As a genomics-based biotech company, Millennium Pharmaceuticals has built some of its largest collaborations to date — with companies such as Bayer and Aventis — on the basis of its microarray and other gene expression technologies. But in recent months the Cambridge, Mass.-based company has indicated it is expanding its efforts in proteomics to augment its drug discovery arsenal.
Last month, Millennium signed on to become the first customer for a protein bioarray platform manufactured by Biacore, a company based in Uppsala, Sweden. And unlike some established pharmaceutical companies, which tend not to develop new technology independently, Millennium is developing its own platform for separating proteins using multidimensional liquid chromatography, combined with tandem mass spectrometry, a senior Millennium scientist said at a protoemics conference earlier this month.
The protein group at Millennium has been around since shortly after the company’s founding in 1993, but has grown sizeably since then to encompass “just about a little of everything,” including yeast two-hybrid and phage display studies to predict protein interactions, and 2D gel electrophoresis for separating and analyzing proteins, said Brad Guild, director of protein biochemistry at Millennium.
The fundamental driver for the expansion of the proteomics effort, said Guild, is to identify a series of protein markers that will help diagnose and monitor patients with certain diseases, and ultimately help match those patients with drug therapies that fit their protein or gene profile.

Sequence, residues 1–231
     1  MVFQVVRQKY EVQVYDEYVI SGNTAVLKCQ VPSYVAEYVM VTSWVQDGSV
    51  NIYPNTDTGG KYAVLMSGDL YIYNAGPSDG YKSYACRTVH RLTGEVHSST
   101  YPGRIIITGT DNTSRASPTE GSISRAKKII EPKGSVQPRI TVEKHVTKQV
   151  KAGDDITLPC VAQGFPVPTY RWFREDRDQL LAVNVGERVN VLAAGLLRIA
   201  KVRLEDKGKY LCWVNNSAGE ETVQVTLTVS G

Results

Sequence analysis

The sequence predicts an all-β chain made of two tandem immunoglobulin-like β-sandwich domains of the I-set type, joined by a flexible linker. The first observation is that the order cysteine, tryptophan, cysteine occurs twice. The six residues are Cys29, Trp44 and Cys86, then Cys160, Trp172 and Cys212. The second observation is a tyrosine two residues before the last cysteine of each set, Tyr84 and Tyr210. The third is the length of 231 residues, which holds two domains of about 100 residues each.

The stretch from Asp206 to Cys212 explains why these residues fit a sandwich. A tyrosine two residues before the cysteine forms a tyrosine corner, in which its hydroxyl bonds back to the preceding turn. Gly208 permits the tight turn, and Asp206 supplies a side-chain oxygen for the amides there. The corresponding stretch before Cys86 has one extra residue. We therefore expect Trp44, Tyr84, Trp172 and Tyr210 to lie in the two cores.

A year ago, the company entered a collaboration with Biacore to design a platform to study interactions between proteins and other molecules using surface plasmon resonance. Millennium was not the only pharmaceutical company to participate in the technology development program — SmithKline Beecham and Pharmacia also took part — but last month Millennium became the first to use Biacore’s S51 system as part of its drug discovery platform.
“We’re really building [the S51 system] into a high-density, multi-spot approach to protein-protein interactions,” said Guild. “It’s being developed more as a process technology central to all technology development within Millennium as it relates to proteomics.”
More recently, the company began building up its capabilities in multidimensional liquid chromatography, as an addition to its 2D gel separation equipment. Guild’s group uses both offline chromatography systems — those that aren’t directly coupled with mass spectrometers — as well as online chromatography methods for separating tryptic peptide digests before introducing them into the mass spectrometer. For these types of protein discovery applications, the Guild group uses Thermo Finnigan LCQ ion trap spectrometers.
“It’s fair to say that we have favored multi-dimensional chromatography over 2D gel electrophoresis,” Guild admitted, although he said Millennium also uses some 2D gels. “The advantage from my perspective is very simple: Whatever spot you can see at a minimum concentration on a 2D gel, you can see it at one tenth that concentration by using online multidimensional chromatography techniques before you put it into the mass spec.”